The European Parliament has today sent a clear message to the fashion industry by voting in support of measures to tackle overproduction in a vote that improved the EU Textile Strategy.
MEPs on the Environment committee backed a ban on the destruction of perfectly usable surplus stock and returned goods, action to reduce aggressive and false advertising, and setting material and consumption footprint reduction targets for the sector.
Ecodesign and waste
The EEB and ECOS welcome the ENVI committee’s call to swiftly set Ecodesign requirements which would apply across the board to all textiles and footwear items, and for a tightening up of liability to ensure the new rules would apply to imported products sold online.
We welcome that online platforms would also be subjected to new Extended Producer Responsibility (EPR) schemes that will make producers financially responsible for wasteful products, and that these schemes will be designed in coherence with Ecodesign requirements.
Emily Macintosh, Senior Policy Officer for Textiles at the EEB, said:
“Our planet is bursting at the seams with textiles, and MEPs have rightly pointed to overproduction as the problem, with constant availability of new product and low prices behind soaring demand. We welcome MEPs’ ambition to rein in e-commerce and that they have put the emphasis on the huge environmental and climate impact of manufacturing processes, in particular the need to avoid the use of harmful substances.”
Valeria Botta, Head of Nature Protection and Restoration at ECOS said:
“Today’s vote beefs up the Commission’s Textile Strategy by making Ecodesign requirements clearer and more ambitious and puts the spotlight on the need to reduce material footprint. MEPs also rightly criticised the widespread use of misleading green claims about recycled content in clothing based on fibres made from plastic bottles and called for much needed action on microplastic pollution.”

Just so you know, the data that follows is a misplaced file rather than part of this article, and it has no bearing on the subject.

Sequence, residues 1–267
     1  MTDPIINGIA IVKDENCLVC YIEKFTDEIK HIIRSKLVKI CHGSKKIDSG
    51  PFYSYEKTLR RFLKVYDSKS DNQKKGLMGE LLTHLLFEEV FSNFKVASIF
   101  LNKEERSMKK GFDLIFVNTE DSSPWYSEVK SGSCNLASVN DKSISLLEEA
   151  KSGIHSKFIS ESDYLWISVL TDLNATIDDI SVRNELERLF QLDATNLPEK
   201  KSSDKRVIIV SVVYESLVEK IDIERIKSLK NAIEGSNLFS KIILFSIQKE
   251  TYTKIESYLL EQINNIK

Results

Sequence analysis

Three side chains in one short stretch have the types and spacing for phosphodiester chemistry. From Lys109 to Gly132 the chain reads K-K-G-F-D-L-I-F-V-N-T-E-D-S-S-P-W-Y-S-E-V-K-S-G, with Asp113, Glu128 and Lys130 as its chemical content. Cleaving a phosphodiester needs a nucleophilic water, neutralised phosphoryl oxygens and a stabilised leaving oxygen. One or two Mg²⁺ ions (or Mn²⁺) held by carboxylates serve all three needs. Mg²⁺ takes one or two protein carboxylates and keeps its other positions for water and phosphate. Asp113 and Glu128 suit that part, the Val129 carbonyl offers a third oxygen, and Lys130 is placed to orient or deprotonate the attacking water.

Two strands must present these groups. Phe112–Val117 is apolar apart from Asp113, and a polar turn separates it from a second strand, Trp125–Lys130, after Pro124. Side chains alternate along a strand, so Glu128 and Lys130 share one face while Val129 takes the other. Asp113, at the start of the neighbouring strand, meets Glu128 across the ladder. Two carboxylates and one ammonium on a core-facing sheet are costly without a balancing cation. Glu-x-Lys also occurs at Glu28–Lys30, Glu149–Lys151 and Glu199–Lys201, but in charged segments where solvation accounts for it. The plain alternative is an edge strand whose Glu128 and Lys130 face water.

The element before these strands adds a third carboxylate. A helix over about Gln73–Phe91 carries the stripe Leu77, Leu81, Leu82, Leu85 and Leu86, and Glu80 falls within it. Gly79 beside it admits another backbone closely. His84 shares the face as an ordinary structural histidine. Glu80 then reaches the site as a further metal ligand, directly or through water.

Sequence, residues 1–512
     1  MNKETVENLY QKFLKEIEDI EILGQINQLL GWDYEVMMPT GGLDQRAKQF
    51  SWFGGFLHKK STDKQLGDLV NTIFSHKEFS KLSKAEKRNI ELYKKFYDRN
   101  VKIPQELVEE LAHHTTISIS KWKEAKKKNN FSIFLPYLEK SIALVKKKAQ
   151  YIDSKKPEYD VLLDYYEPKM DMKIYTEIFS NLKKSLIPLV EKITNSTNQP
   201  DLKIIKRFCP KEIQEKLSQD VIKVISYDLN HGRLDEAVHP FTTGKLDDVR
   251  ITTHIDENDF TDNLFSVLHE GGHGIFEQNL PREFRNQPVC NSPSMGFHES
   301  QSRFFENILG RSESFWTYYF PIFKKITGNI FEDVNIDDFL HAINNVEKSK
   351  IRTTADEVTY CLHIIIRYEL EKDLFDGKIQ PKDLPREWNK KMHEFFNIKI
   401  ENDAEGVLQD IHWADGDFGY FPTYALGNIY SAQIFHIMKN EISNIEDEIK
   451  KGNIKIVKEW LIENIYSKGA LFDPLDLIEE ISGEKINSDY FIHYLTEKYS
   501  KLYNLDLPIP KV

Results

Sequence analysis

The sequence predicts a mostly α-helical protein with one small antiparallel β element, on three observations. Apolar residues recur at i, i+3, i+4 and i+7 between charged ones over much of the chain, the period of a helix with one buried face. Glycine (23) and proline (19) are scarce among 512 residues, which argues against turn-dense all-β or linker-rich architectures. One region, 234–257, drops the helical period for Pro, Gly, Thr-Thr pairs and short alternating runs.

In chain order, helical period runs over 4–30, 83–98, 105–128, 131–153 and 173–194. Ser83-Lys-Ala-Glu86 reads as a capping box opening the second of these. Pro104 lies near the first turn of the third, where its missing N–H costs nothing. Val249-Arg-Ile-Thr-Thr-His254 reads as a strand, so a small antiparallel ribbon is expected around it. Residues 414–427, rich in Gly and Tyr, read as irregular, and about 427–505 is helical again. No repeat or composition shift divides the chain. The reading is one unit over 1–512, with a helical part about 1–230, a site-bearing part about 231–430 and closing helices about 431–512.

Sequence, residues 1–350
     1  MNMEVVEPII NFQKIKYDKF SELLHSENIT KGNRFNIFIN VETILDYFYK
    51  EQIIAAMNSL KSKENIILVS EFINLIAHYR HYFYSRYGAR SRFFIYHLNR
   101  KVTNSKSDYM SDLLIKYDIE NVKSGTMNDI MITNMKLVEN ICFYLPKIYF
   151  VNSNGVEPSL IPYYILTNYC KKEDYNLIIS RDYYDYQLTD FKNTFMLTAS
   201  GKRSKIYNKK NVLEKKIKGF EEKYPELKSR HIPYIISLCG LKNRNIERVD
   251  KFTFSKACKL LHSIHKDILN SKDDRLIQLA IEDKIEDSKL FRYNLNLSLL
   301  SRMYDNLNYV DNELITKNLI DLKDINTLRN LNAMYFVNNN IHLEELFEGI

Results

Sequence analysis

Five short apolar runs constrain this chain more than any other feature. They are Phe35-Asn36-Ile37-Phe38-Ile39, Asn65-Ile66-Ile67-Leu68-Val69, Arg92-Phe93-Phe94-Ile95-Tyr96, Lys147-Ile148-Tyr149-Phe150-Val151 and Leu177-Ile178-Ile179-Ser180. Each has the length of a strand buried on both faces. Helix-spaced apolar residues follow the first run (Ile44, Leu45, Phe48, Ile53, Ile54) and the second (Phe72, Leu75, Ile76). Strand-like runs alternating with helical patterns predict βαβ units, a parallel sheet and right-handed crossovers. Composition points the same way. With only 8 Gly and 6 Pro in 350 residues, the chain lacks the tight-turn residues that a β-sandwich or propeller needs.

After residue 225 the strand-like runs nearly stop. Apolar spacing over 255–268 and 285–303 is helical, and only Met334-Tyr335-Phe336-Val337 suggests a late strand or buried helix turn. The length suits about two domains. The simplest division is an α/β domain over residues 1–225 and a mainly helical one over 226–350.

Human and social rights and Digital Product Passport
The EEB and ECOS also welcome that MEPs have highlighted how the Textile Strategy draft from the European Commission fell short when it comes to measures on the respect of human and social rights in the production of textiles, and that no action was planned against harmful purchasing practices.
Unfortunately, MEPs missed the opportunity to explore the full potential of the Digital Product Passport to support transparency in supply chains by excluding social information and full value chain coverage.
Following today’s vote in the ENVI Committee, all MEPs will have their say on the Textile Strategy in a European Parliament plenary vote, expected in June. The EEB and ECOS call on all Members of the Parliament to support the strong position of the ENVI committee.
Notes to editors
The European Commission published its Strategy for Sustainable and Circular Textiles last year which set out a vision for all textiles to be produced in respect of social rights and the environment and for them to be durable, recyclable, free of hazardous substances, and made from more recycled fibres.
Our priorities for a circular Textile Strategy can be read here.